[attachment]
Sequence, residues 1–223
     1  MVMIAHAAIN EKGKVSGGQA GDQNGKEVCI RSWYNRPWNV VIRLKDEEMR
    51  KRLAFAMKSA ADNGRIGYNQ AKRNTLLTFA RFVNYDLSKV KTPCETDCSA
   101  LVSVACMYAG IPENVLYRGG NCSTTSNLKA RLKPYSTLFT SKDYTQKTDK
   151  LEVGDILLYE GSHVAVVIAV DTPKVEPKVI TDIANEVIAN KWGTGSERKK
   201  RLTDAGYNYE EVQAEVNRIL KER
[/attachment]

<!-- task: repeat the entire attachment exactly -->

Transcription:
Sequence, residues 1–223
     1  MVMIAHAAIN EKGKVSGGQA GDQNGKEVCI RSWYNRPWNV VIRLKDEEMR
    51  KRLAFAMKSA ADNGRIGYNQ AKRNTLLTFA RFVNYDLSKV KTPCETDCSA
   101  LVSVACMYAG IPENVLYRGG NCSTTSNLKA RLKPYSTLFT SKDYTQKTDK
   151  LEVGDILLYE GSHVAVVIAV DTPKVEPKVI TDIANEVIAN KWGTGSERKK
   201  RLTDAGYNYE EVQAEVNRIL KER